Dear Saxena ji,
Thank you for inquiry.
West facing windows can be a big source of heat, first measure which you...
Why all these are not applicable to Tuticorin port or the one planned in AP or WB ?
What an eye opener! As an environmental engineer,disposal of sanitary napkins has always been a concern during waste...
it's an old debate. Does it take specimens of the same species separated by time and space to speciate out. In a small west African lake, one fish species seems to be proving it does not. It is evolving into two species more because of different tastes. This fission supports the idea that species can divide without being separated in space or time.
At first inspection, Lake Ejagham in Cameroon has five species of Tilapia milling around in its waters. But Diethard Tautz, researcher at the University of Munich, and colleagues noticed that in one of these species, which has been given no common or scientific name, small fish tended to breed with other small ones while the big ones stayed with the other big ones. Research showed that the smaller cichlid fish spend most of their time in the lake's open water, probably feeding on plankton. The big fish prefer to stay at the edge of the lake, eating insects. Big ones lay their eggs in holes in fallen logs; small nest on the bare lakebed.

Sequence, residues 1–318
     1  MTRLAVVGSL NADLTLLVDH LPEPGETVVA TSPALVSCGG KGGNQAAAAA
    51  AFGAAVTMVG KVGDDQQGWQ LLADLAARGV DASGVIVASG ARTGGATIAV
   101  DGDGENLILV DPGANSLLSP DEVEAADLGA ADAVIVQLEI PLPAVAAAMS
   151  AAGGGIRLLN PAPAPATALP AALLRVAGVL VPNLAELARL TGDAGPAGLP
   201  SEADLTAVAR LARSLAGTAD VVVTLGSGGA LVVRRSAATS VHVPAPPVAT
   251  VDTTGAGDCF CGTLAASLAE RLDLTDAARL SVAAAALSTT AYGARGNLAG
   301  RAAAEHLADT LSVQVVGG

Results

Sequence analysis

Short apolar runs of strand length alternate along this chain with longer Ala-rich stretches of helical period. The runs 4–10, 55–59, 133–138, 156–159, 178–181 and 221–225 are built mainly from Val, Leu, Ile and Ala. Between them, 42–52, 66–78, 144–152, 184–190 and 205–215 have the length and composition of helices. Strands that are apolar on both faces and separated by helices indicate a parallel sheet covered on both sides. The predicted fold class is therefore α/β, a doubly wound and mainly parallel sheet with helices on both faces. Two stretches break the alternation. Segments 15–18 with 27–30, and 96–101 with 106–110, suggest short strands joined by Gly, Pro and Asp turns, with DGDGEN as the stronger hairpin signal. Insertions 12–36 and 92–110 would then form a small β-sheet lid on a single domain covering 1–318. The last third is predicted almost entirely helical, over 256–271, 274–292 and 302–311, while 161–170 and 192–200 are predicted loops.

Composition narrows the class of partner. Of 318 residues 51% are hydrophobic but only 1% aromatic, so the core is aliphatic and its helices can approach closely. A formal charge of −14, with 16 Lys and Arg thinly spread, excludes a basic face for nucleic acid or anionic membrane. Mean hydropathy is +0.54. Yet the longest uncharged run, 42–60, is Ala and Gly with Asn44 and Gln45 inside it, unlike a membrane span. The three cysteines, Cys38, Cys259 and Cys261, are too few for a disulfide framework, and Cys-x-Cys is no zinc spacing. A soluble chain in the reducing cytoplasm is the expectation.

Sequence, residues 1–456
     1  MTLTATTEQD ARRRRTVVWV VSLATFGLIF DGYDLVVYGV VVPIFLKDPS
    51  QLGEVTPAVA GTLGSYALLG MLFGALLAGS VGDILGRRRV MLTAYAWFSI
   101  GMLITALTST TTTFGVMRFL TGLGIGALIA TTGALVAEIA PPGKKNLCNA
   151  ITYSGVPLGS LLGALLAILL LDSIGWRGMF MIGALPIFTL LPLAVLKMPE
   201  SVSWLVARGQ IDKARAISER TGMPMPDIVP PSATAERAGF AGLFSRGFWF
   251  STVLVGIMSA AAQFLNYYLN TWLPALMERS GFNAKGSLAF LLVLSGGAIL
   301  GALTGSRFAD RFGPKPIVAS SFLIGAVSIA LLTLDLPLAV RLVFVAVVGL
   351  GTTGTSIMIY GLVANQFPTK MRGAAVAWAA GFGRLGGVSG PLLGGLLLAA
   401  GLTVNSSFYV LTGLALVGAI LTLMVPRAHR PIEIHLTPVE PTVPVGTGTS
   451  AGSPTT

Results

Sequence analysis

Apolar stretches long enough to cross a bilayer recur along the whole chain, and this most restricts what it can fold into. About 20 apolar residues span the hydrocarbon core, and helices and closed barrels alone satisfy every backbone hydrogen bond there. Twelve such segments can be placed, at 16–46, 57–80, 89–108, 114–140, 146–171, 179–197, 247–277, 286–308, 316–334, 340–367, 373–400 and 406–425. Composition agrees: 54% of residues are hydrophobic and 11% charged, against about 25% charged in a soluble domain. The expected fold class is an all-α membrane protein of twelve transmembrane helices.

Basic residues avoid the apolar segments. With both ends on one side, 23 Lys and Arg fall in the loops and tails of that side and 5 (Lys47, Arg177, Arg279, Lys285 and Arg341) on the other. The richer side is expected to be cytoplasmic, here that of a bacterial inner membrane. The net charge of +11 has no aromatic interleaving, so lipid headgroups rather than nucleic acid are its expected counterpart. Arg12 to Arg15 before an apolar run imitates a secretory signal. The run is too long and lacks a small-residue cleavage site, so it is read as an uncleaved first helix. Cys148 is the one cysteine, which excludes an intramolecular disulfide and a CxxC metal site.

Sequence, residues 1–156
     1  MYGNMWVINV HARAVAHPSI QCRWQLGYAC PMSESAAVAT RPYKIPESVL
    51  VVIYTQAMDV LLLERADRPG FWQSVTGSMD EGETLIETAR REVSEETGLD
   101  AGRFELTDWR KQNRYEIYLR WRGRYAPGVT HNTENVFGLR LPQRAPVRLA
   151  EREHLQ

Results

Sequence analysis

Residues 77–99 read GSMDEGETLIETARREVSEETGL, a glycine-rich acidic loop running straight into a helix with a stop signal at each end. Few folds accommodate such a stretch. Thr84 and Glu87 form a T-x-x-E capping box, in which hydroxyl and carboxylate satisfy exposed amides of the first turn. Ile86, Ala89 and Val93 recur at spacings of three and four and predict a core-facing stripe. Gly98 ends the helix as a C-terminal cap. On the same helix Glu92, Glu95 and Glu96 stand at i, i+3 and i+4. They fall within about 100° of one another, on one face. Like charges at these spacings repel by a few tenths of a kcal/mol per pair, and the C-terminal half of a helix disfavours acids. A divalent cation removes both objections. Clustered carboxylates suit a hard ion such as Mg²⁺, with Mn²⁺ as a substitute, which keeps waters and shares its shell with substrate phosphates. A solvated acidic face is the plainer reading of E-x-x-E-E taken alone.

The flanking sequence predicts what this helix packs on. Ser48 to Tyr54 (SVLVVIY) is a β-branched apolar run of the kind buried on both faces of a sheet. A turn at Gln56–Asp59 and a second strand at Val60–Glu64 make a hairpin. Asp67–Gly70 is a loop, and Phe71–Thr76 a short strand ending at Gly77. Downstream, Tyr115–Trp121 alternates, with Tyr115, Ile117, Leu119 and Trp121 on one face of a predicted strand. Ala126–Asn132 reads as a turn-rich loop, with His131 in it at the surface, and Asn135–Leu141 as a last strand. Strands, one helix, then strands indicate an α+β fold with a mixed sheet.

Genetic analysis and measurements of the fishes' body parts indicate that there is little genetic exchange between the two groups. The fish are nonetheless more closely related to each other than to any other species, a fact that is often hard to prove, says Tautz.
This pattern of ecological specialisation going hand-in-hand with differing taste in mates, fits with recent theories of how one population might split into two species. It also adds to a growing body of evidence, particularly from cichlid fish, that speciation can occur even in the absence of physical barriers that prevent populations from interbreeding. This 'sympatric' speciation seems occur rapidly, within just a a few thousand years.
Comparison of the dna of fish from the lake with others from nearby rivers suggests that Lake Ejagham was colonised about 10,000 years ago. No streams flow into it now and the only water outlet is a waterfall. The two proto-species must have split on the spot, believes Tautz ( Nature , June 19, 2001).
The most likely scenario, he says, is that the ancestor of today's big and small forms was intermediate between the two, but that the environment of the lake favoured extreme sizes, driving the two types apart.